International lenders did not disclose specificities, but said it was part of global cost-cutting plansNovember 26, 2015 11:32
I want to break free!
Media freelancing is big business in Dubai, but working on your own terms is not easy. Here are its pros and cons.
November 9, 2008 9:27 by kippreport
It’s considerably easier to set up in Media City if you’re already based in Dubai. Heba Hashem, for instance, left an administrative job at Gulf News to set herself up as a Media City freelancer and doesn’t regret it one bit. The process, she said, took little more than a month and was hassle-free. “It definitely helps your status with editors,” she says, adding, “You will be well-placed on a regional level. You don’t want to be based in Qatar or Kuwait. You can write for regional magazines and Saudi papers.”
Respectable? Me? There’s also the non-Dubai option: Each of the northern emirates have their own free zones, and Abu Dhabi recently announced ambitious plans for Twofour54, a “media content creation zone” that may ultimately compete with Dubai Media City for the status of regional media hub. A query sent to Twofour54 via its press representative asking about the venture’s options for media freelancers went unanswered.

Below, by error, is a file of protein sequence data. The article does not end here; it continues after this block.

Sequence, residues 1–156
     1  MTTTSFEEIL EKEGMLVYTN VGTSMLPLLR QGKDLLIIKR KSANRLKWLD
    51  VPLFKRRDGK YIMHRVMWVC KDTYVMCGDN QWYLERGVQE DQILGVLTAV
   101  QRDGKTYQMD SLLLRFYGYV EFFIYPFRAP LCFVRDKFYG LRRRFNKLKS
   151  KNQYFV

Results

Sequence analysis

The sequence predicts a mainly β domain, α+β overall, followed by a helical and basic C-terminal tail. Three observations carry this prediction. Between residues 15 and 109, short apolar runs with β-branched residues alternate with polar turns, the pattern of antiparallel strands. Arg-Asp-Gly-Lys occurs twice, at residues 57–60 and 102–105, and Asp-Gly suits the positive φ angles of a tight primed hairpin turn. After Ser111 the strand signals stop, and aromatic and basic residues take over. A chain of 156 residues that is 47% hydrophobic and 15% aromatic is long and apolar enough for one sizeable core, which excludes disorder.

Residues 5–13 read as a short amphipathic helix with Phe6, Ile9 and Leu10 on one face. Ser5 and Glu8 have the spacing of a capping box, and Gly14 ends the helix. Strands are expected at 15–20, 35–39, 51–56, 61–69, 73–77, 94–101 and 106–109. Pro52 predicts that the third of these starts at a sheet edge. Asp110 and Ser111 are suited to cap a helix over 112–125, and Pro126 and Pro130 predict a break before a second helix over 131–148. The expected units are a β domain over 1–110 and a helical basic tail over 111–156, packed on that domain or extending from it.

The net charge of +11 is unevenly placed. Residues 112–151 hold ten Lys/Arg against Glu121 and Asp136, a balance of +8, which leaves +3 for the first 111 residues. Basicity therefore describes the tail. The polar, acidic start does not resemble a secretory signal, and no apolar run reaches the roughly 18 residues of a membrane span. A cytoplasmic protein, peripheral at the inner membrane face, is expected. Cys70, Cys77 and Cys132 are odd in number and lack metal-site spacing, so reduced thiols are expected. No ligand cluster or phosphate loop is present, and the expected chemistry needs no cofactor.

WhiteFox’s Whitehead considered setting up in one of the northern emirates before choosing an LLC in Dubai. “We took advice from a number of people who’d been in the business for a while,” he says. “We first had a look at Ras Al Khaimah Free Trade Zone, which looked attractive for quick turnaround of our application – and also cheaper compared to Dubai Media City. We rejected that on the advice we got saying Dubai Media City is worth its weight in gold because of the protection it gives you against bad debt. Media City takes your side if you can prove that other Media City entities are bad debtors over a period of time.” He says he hasn’t yet tested that promise, however.